My Five #448

Tweets, chirps, and owls… this week’s My Five is an avian-heavy one, and it’s an absolute hoot!

You are reading: My Five #448

Five things worth sharing from the last week or so, brought to you by a different member of the Browser Media team every Friday.

This week’s My Five is by Ali.

1. Twitter gets chirpy about design update

In a series of tweets this week, Twitter announced a number of changes to its design to make the platform ‘more accessible, unique, and focused on you and what you’re talking about’.

I don’t know what this statement really means either but it manifests itself in several updates.

The first is a new font, called Chirp, that was announced a while back but wasn’t immediately available. Like the BBC, that created its own font recently, Twitter had been reliant on someone else’s typeface and was probably paying a premium for the privilege. The company describes the new font as being ‘sharp and legible (with good density), but with personality and distinctiveness’. Twitter adds that all Western-language text now aligns left, making it easier to read as you scroll, while non-Western languages remain unchanged.

Twitter has also updated its colours to be high-contrast a lot less blue and will be rolling out a fresh colour palette soon.

And the company says it has cleaned up some of the ‘visual clutter’ – removing unnecessary divider lines, increased space to make text easier to read and fewer grey backgrounds.

Of course, inevitably, the changes were met with mixed reaction in the twittersphere with some people saying these changes were unnecessary and don’t tackle the real user issues. Edit button anyone?

2. Controversial PaddyPower goes too far in targeting children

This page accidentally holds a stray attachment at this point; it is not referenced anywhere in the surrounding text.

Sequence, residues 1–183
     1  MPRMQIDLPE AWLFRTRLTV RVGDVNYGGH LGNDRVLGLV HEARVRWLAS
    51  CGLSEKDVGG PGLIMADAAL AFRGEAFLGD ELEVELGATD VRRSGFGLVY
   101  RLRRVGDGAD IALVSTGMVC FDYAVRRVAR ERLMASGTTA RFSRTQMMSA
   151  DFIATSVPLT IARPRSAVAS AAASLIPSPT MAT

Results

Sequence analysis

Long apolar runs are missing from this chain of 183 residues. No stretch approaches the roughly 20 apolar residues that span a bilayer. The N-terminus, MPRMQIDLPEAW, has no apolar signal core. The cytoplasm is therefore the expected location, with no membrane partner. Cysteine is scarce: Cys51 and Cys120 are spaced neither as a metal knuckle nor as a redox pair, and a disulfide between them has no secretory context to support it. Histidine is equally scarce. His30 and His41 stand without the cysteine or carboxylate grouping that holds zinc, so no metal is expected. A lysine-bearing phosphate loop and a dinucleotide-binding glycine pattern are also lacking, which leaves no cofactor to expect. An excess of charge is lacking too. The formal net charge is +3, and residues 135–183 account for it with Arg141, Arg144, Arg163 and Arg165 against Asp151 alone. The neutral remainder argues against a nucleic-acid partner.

PaddyPower has made it into our My5 previously with some seriously creative work and some less savoury tactics and the company got into hot water yet again this week.

PaddyPower’s owner, Flutter Entertainment, also owner of Skybet and Betfair, has seen revenues surge 99% to £3.1bn, following the return of sport after the Covid-induced break.

However, the brand has been caught trying to lure under 18s into the murky world of gambling by advertising on social media with tempting gifs/cartoons that appeal to this age group: sadly there are 55,000 problem gamblers between the ages of 11-16 in the UK

In some tweets, the gambling giant was compared to the child catcher from Chitty Chitty Bang Bang under the hashtag #paddypowerleavethekidsalone.

3. YouTube going big on ‘Shorts’

YouTube is putting some serious wedge behind a campaign to promote its short-form video content, ‘Shorts’. With stiff competition in the form of TikTok and other platforms also jumping on the short-video bandwagon, YouTube is trying to appeal to Gen Z (also known as ‘Zoomers) by promoting the ease of posting via a create button.

The main focus of the campaign is tie-ups with high-profile artists including The Weekend and Camila Cabello.

Whilst all the big platforms are developing new tech and splashing the cash to drive engagement and build trust in their new initiatives, they know that they are ultimately going to earn even bigger bucks from brands and businesses, keen to tap into the audiences that they win over.

4. Twitter’s image cropping software bias

Twitter had come under fire for its image cropping software back in 2020 when users noticed that it seemed to focus on white faces over those of black people.

This embarrassment caused the company to launch ‘the algorithmic harms bug bounty’, in which it promised to pay prizes to researchers who could prove that the company’s image cropping algorithm was biased or had harmful consequences.

Bogdan Kulynych, a swiss student, was the first winner of the prize ($3,500) this week as by producing artificial faces with different skin tones and features, he was able to demonstrate that Twitter’s algorithm was indeed biased.

5. Ring doorbells having a hoot

This sweet story to round up my My Five is courtesy of Ring doorbells. During their first night in their new home, an Arizona family received some surprise visitors that were caught in action – a group of three owls.

In a statement to Ring, the homeowner, who just happens to be an owl lover, said: “The first night in our new home, I received three notifications, one after the other at 10:30 pm! I finally answered the Ring and caught three amazing owls on our new porch having dinner!”

Latest from the blog